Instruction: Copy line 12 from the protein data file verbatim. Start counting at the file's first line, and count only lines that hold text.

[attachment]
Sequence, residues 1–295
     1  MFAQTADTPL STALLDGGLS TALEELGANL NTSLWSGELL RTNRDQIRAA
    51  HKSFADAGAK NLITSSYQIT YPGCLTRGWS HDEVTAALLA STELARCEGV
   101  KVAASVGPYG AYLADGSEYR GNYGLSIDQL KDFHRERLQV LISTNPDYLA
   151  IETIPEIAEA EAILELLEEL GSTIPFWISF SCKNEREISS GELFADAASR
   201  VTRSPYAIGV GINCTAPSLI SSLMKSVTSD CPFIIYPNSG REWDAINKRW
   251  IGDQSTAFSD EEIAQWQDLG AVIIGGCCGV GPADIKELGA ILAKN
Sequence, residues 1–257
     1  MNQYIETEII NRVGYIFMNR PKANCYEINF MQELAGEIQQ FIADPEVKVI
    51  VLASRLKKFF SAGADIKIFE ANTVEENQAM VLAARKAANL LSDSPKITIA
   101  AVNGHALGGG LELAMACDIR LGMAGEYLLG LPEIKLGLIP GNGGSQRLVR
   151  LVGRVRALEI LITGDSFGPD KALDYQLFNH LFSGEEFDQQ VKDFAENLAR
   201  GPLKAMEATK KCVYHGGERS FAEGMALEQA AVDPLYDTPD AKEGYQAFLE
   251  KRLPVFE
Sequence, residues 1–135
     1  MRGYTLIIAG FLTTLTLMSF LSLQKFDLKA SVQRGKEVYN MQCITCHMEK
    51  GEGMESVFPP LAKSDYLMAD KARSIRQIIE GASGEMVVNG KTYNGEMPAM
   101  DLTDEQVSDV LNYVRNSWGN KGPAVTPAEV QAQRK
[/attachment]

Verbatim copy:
   151  LVGRVRALEI LITGDSFGPD KALDYQLFNH LFSGEEFDQQ VKDFAENLAR